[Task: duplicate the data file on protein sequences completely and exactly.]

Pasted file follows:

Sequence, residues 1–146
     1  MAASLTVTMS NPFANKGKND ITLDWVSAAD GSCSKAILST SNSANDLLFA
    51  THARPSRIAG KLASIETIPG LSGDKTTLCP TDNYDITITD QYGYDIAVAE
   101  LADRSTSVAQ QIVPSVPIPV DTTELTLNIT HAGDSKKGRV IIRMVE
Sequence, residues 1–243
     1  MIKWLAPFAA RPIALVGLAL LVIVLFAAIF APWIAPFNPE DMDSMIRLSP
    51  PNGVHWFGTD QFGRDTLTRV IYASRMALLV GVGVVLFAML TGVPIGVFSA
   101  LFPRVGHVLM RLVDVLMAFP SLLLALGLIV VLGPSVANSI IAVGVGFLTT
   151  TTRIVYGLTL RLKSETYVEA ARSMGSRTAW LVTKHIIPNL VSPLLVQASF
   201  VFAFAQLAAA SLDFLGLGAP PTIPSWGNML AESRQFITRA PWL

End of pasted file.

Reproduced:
Sequence, residues 1–146
     1  MAASLTVTMS NPFANKGKND ITLDWVSAAD GSCSKAILST SNSANDLLFA
    51  THARPSRIAG KLASIETIPG LSGDKTTLCP TDNYDITITD QYGYDIAVAE
   101  LADRSTSVAQ QIVPSVPIPV DTTELTLNIT HAGDSKKGRV IIRMVE
Sequence, residues 1–243
     1  MIKWLAPFAA RPIALVGLAL LVIVLFAAIF APWIAPFNPE DMDSMIRLSP
    51  PNGVHWFGTD QFGRDTLTRV IYASRMALLV GVGVVLFAML TGVPIGVFSA
   101  LFPRVGHVLM RLVDVLMAFP SLLLALGLIV VLGPSVANSI IAVGVGFLTT
   151  TTRIVYGLTL RLKSETYVEA ARSMGSRTAW LVTKHIIPNL VSPLLVQASF
   201  VFAFAQLAAA SLDFLGLGAP PTIPSWGNML AESRQFITRA PWL